CAPS Study: Childbirth and Pelvic Symptoms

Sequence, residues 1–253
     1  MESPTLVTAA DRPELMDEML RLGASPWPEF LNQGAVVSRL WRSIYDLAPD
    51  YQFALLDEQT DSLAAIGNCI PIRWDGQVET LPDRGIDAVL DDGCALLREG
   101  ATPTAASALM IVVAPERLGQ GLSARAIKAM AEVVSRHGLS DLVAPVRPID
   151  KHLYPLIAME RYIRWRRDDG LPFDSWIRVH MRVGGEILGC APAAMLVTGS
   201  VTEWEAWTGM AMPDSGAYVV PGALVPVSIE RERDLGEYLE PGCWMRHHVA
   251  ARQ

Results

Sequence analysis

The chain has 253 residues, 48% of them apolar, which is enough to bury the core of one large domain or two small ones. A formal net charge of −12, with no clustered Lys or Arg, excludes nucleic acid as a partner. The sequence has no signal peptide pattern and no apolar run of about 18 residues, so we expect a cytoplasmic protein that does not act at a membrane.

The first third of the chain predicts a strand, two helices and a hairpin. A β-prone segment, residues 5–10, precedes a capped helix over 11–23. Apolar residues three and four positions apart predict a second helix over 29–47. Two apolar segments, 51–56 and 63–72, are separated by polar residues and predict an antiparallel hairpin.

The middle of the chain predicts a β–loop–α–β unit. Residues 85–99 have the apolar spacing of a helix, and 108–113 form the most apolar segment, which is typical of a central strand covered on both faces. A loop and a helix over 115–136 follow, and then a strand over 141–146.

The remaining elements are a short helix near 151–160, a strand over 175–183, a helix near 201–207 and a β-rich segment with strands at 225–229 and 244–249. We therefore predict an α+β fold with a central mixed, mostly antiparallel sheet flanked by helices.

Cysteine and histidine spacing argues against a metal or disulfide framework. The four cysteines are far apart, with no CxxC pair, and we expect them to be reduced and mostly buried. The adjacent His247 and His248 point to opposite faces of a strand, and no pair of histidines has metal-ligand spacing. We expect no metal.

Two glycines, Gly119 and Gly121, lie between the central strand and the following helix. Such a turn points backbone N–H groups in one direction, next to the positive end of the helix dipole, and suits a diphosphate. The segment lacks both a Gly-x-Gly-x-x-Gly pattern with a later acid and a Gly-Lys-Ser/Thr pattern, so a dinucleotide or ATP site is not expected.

The Childbirth and Pelvic Symptoms (CAPS) study was a prospective cohort study performed by the Pelvic Floor Disorders Network to study postpartum fecal and urinary incontinence in primiparous women.  The primary goal of the study was to estimate and compare the prevalence and incidence of postpartum urinary and fecal incontinence (UI and FI, respectively) in 3 cohorts of primiparous women: (1) those who had anal sphincter disruption during vaginal delivery; (2) a control group of women without clinically apparent anal sphincter disruption during delivery; and (3) a second control group who underwent a cesarean delivery without labor.  The cohorts were interviewed at 6 weeks and 6 months following delivery to identify symptoms of UI and FI symptoms using the Fecal Incontinence Severity Index and the Medical, Epidemiological, and Social Aspects of Aging Questionnaire, respectively.  A total of 921 women participated in this study; 407 in the Sphincter Tear cohort, 390 in the Vaginal Control cohort, and 124 in the Cesarean Control cohort. Of these, 837 (91%) completed interviews at 6 weeks, 759 (82%) at 6 months, and 728 (79%) provided data at both time points.  The study found that women with clinically recognized anal sphincter tears are more than twice as likely to report postpartum fecal incontinence than women without sphincter tears. Cesarean delivery before labor is not entirely protective against pelvic floor disorders.